In fact, for those with anti-slavery sentiment, the move was fitting, as, under the Ordinance of 1787, slavery had been prohibited north of the Ohio River. Additionally, following the battle of Fallen Timbers, in 1794, and after the Treaty of Greenville, in 1796, settlement in that area had finally become relatively safe from Native American incursions. At the time of the move, Fairfield County was only five years old and had been only the eighth county to be formed in the Northwest Territory.

Once in Ohio, the former members of the Mill Creek congregation established the Pleasant Run Baptist Church, in Lancaster. The church was first constituted in 1806, and, on April 19 of that same year, the congregation met “according to appointment and opened our meeting with prayer and praise. Second – proceeded to business, with choosing our Moderator, Martin Coffman. We ended our meeting with prayer and thanksgiving.”

Though only started with fifteen members, Strickler notes, “Many from Virginia followed these Baptist brethren to Ohio.” By 1809, the congregation had nearly eighty members and was one of four churches to become part of the Scioto Baptist Association (named for the nearby Scioto River).

Various surnames of the membership can also be seen in the history of Page County, Virginia – Beaver, Coffman, Comer, Geiger, Hiestand, Hite, Huffman, Pence, Ruffner, and Spitler. There are also other names in the cemetery (Baptist Corners cemetery) that reveal names that are usually identified with Page County, Virginia’s neighbor to the west… Shenandoah County.

There are also Page County names tied to other churches in Fairfield County, Ohio. In the Dovel family cemetery, in Pickerington, Ohio, there is a grave for John E. Dovel, private from the 113th Ohio Infantry, who died as a POW in Louisville, Kentucky. His parents, Jacob B. and Elizabeth Dovel, were born in the Page Valley of Virginia in the 1810s.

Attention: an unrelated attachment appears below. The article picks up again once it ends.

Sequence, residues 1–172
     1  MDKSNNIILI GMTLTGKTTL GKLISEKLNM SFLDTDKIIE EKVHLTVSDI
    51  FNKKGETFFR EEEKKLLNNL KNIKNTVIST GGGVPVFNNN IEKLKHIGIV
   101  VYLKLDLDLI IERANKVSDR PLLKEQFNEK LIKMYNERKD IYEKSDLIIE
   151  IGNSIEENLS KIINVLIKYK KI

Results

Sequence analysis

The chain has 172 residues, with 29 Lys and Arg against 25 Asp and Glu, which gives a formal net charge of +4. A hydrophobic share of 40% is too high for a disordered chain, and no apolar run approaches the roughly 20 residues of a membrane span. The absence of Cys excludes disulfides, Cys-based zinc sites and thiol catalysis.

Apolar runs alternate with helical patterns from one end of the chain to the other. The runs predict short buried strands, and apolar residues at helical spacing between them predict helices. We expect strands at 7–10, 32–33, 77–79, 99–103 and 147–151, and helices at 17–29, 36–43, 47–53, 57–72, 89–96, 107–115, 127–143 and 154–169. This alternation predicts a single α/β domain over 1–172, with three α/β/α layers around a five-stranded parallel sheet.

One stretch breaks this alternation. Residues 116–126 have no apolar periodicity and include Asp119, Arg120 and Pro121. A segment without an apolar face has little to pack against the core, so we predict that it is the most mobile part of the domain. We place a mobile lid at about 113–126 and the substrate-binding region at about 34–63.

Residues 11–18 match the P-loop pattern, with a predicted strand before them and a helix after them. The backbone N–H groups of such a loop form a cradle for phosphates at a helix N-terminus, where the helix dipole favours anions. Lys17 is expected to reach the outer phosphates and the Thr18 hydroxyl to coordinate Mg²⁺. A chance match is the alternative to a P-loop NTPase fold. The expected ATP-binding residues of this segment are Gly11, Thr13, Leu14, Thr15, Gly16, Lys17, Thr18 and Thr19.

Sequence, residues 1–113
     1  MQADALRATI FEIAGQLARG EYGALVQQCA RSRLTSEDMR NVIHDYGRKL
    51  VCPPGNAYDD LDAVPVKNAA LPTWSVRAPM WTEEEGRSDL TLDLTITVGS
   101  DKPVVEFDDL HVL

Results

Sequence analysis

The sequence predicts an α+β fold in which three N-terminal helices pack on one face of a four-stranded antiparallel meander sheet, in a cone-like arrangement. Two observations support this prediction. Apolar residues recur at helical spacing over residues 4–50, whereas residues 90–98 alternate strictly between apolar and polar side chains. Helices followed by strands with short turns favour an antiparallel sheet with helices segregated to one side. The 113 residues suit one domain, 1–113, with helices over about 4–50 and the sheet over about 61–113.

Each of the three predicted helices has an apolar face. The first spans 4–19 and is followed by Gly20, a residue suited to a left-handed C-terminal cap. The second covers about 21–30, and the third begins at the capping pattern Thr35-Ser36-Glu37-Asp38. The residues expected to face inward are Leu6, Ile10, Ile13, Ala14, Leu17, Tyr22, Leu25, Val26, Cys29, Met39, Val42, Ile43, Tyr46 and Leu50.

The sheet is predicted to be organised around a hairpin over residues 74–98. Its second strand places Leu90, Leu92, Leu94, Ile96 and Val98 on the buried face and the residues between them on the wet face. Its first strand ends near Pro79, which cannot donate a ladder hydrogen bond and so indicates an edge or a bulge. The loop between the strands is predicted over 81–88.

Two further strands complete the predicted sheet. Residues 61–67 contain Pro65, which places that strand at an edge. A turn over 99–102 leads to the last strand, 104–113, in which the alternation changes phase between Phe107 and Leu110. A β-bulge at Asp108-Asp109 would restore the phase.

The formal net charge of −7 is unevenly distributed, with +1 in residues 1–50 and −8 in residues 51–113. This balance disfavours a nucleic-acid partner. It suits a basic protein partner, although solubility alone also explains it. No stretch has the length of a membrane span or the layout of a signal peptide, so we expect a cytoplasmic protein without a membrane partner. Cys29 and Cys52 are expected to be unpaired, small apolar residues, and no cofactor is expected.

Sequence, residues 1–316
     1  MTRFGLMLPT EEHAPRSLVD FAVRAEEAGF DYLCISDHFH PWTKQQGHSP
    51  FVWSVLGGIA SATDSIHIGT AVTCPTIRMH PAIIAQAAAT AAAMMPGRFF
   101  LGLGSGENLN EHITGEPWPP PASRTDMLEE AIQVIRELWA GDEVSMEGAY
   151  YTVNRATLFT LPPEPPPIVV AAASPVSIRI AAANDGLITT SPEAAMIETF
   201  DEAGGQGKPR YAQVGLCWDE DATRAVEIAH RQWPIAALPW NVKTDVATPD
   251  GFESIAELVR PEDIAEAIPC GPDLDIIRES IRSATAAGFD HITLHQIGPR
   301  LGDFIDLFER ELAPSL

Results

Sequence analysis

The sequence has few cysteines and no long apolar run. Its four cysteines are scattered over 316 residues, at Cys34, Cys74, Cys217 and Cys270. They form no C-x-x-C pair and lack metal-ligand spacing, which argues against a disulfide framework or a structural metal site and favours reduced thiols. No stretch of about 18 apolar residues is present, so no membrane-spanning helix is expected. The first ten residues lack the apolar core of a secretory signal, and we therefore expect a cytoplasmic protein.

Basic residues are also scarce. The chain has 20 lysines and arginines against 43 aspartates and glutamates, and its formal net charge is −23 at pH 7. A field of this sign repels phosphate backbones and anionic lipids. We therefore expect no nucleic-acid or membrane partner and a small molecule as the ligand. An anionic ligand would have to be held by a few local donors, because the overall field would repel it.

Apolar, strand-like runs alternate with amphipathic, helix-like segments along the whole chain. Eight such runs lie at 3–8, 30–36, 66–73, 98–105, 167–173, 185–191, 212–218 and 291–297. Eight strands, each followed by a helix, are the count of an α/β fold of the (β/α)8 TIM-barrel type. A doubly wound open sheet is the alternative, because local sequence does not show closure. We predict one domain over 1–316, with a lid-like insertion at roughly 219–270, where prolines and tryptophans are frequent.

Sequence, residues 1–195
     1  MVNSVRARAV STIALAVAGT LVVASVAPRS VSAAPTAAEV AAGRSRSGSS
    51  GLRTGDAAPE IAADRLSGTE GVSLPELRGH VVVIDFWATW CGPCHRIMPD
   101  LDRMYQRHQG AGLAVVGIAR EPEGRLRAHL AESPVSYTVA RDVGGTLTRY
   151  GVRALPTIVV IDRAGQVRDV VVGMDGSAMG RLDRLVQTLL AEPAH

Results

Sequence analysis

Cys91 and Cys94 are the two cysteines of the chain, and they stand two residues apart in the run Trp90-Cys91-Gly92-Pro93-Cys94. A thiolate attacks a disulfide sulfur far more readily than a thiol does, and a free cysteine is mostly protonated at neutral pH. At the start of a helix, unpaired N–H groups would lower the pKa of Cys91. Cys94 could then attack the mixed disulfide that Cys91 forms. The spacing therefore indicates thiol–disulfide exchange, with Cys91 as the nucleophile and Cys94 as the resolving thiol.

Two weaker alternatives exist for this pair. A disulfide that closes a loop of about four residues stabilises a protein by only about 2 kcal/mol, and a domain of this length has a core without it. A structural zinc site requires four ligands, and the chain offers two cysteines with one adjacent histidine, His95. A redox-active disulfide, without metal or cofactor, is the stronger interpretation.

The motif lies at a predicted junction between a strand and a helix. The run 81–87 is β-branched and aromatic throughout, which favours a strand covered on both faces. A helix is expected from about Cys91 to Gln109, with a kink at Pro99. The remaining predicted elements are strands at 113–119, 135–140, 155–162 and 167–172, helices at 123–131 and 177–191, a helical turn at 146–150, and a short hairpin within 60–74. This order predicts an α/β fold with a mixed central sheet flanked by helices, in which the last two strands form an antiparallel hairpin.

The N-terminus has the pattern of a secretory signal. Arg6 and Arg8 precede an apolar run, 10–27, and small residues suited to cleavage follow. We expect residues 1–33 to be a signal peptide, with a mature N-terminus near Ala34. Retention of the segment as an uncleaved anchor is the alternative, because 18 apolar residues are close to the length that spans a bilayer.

Not too terribly far away, in Champaign County, Ohio, there are several with Virginia roots… and some who later served the Union, being themselves only one generation removed from Virginia. Christian Norman served in the 45th Ohio Infantry. His father, Benjamin Norman/Nauman, was born in the Page Valley.

In Carroll County, Ohio, there is George M. Roudebush, a private in the 157th Ohio Infantry. His father, Abraham, was born in Rockingham County, Virginia.

Down the Ohio River, and across in Gallia County, West Virginia, we have Charles C. Aleshire, and his brother, Edward S. Aleshire, sons of Reuben Aleshire, born in 1808, in what is now Page County, Virginia.

Off to the west, in Indiana, I know of the grave of Hiram Jackson Foltz, born in Indiana, a son of Henry J. Foltz and Veronica Hollingsworth Foltz… both of the Page Valley. Hiram served in the 85th Indiana Infantry. Hiram’s brother, James, was born in Page County, Virginia in 1833, but he too served in blue.

These are just a few of the Southerners, and sons of Southerners, who relocated to the North… and ended up serving in blue. They are also some of my cousins… and first cousins of a good number of those who served in gray, back in Virginia.

I’d say that, even though most listed here were one generation removed, they still grew up in their parents’ homes… in which Southern culture could still be easily recognized. So, were they really so out of touch with what it was like to be Southern? Had they lost their “sense of place”? Perhaps they had a new “sense of place”. Still, I don’t think they were so detached from the place in which so many of their people had settled, lived, and died, for so many years before.

They were not as out-of-touch with the South as some suggest.